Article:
4 Shows America Stole from Other Countries

America rocks out when it comes to television.

It’s a big deal because we make it a big deal. According to some counts, over 99% of American households have at least 1 television set. We talk about TV, we dream about TV, we have TV shows where people talk about TV shows. We even have a whole city devoted to producing TV content.

While many people consider America (specifically Hollywood) to be the worldwide Mecca for all things TV related, America is not the only country out there generating some high quality programming. America may be the biggest fish in the pond, but it certainly isn’t the only one.

Lots of American shows have foreign counterparts that are the spitting image of what you might expect to see here in the U S of A. While some of these foreign shows are derivatives of American creativity, a heaping pile of American shows stole the idea from somewhere else. So, let’s transcend cultural and political border to see what shows many people on earth have in common.

1. The Office

The Office is a hit show over here in America. It features a sort of dry humor that focuses on everyday life and thrives on uncomfortable, awkward situations. In fact, there’s a name for that type of humor. What do they call it? Oh, it’s on the tip of my tongue…

Oh, yeah. British humor.

The Brits came up with the original version of The Office, which I think is not really a giant news flash to any fans of the show, but what fans really do need to understand is that the show does more than just borrow the title and premise. It also operates entirely by borrowing that unique style of British humor.

While American comedy certainly has a tendency to be direct, physical, occasionally juvenile, and in-your-face, it’s nice to see that British shows can thrive over here in the States.

 

2. [Country’s] Got Talent!

Wait a second, are those Brits trying to show off how good they are? Do they think they’re better than us or something? We’ll show them! We’ll prove that we’re more talented than every last tea-sucking one of them!

Actually, America wasn’t the only country to jump on that band wagon. With other copycats like China’s Got Talent, Australia’s Got Talent, and India’s Got Talent, it’s clear that England opened up a Pandora’s Box that has yet to close.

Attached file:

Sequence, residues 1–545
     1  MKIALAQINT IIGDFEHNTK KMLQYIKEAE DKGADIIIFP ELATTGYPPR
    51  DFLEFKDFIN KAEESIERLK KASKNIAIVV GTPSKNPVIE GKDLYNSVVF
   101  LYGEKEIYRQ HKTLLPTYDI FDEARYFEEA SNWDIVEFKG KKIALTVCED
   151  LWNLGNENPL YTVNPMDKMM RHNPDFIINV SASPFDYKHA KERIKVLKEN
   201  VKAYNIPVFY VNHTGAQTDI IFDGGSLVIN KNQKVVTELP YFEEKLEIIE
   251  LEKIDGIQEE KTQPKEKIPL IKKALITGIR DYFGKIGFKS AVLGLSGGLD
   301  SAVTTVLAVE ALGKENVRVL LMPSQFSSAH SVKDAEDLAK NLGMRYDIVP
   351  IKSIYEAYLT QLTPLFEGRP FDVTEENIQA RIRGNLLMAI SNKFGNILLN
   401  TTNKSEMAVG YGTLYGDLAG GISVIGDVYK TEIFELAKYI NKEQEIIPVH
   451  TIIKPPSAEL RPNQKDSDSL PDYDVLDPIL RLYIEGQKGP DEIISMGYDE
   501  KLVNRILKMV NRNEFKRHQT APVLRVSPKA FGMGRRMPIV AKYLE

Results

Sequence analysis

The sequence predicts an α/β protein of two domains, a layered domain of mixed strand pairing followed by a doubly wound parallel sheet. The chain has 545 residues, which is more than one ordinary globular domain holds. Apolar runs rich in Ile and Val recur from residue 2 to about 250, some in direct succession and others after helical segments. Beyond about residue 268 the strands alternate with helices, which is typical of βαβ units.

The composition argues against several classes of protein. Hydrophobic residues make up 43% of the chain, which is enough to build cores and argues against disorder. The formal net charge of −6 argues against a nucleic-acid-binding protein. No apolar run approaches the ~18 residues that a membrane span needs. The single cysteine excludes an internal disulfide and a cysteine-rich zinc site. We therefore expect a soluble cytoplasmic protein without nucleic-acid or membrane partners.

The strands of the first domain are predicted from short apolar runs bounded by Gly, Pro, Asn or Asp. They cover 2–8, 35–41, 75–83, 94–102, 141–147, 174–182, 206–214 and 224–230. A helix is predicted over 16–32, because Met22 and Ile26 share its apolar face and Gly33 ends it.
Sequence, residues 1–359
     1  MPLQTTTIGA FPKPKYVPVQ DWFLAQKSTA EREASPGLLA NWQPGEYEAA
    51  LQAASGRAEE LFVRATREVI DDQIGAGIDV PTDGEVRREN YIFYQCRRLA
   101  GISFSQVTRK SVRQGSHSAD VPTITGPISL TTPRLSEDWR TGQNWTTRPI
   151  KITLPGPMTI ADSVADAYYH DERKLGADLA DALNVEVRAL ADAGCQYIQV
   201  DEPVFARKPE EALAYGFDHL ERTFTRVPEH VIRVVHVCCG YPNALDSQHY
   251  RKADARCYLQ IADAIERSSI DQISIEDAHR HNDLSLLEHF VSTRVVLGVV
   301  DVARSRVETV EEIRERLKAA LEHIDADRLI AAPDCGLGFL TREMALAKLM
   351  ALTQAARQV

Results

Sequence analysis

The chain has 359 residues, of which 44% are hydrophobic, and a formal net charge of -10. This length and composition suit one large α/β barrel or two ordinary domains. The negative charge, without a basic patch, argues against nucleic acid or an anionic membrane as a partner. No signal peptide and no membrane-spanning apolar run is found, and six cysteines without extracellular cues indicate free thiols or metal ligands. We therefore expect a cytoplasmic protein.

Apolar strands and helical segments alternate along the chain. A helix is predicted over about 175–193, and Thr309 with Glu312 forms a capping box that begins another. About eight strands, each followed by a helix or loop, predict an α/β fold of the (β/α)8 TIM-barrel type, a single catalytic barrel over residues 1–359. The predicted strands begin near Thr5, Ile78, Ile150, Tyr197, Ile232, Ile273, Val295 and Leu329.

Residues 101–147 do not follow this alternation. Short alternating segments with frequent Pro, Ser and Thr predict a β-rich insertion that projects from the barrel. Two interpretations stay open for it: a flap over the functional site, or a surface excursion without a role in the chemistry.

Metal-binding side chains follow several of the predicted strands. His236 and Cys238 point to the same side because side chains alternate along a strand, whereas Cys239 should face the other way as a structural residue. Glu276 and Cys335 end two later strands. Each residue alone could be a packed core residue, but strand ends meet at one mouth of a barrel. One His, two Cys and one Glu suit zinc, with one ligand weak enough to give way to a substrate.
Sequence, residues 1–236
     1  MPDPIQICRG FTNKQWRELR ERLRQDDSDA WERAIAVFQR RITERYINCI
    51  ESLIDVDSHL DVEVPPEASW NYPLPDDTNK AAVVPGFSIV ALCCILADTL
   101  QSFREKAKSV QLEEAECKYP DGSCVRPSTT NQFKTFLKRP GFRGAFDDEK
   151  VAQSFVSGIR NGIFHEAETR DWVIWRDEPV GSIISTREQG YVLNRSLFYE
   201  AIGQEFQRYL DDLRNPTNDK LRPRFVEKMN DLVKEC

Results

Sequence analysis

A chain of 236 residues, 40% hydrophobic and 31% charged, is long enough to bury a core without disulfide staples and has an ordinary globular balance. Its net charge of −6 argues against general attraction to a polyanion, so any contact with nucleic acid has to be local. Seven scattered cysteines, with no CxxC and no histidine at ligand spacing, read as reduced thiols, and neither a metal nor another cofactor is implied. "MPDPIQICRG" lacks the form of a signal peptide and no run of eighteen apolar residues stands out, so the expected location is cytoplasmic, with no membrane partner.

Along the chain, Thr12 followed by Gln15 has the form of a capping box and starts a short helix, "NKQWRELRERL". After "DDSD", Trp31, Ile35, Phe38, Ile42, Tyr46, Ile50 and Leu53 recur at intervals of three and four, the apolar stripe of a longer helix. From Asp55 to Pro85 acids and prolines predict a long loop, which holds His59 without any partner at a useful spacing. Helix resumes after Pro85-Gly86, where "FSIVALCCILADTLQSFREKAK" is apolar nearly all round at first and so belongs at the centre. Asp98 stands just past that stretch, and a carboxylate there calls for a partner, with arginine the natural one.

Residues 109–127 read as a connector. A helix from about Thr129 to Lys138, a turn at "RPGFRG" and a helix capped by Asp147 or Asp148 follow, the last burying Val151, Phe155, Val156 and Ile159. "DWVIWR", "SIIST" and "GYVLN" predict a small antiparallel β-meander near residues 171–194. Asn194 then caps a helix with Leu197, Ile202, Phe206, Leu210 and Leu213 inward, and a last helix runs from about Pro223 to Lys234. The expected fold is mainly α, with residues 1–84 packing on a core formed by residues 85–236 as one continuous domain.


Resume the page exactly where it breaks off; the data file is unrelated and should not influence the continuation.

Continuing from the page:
And yet, with 39 “Got Talent” spin-offs and 6 seasons of America’s Got Talent (and counting), the world has yet to produce anyone more gripping than Susan Boyle.

3. Mythological X (Israel) & The Ex List (US)

I could go on all day about all of the stole we stole from England, but I think that would get dull pretty fast. We use their language, we robbed their colonies from them in the American Revolution (YOU-ESS-AY! YOU-ESS-AY!), and we shamelessly rob every show that the BBC pumps out. Let’s spread the love (read: plagiarism) and check out shows from other countries that we’ve swiped.

Israeli creator Sigal Avin thought up a clever little romantic comedy that Americans promptly stole, quickly crossing out every instance of “falafel” in the script and replacing it with “burgers.”

Mythological X follows a woman trying to find the one ex from her past who, according to her psychic, is the love of her life. American writers fleshed her out a little bit by giving her a career and hobbies other than boy chasing, but the show still flopped. Maybe she should have asked her psychic about how the ratings would look.

Evidently, we learned our lesson not to steal from our Israeli friends, as the show was cancelled after a measly 4 episodes.

4. Takeshi’s Castle (Japan) & Wipeout (US)

Takeshi’s Castle is a Japanese game show.

That’s pretty much the only thing that non-Japanese can tell you about this show, because any episodes that Americans see are dubbed – and badly at that. Ignoring the fact that the writers intentionally ignore and butcher the dialogue, it’s still pretty easy to get the basics of the show.

A hundred or so contestants struggle their way through a brutally unforgiving obstacle course to see how many people make it out the other end.

Many of the collisions are obviously painful, and virtually every game is designed to make failure as embarrassing as possible. Combine that with a bunch of Japanese Average Jo’s who are smiling and optimistic despite the pain they’re enduring, and you’ve got a hit show.

America swiped the idea from the Brits, who stole the idea from the Japanese. Despite the fact that the game got telephoned two stages, it’s still fairly similar.

The US version has a much bigger budget, which has resulted in much more elaborate and involved obstacles. That’s neat and all, but sometimes simpler is better. You don’t need Seussical death traps to create humor. Sometimes, a tightrope and a pit of water is all you need for hilarity.

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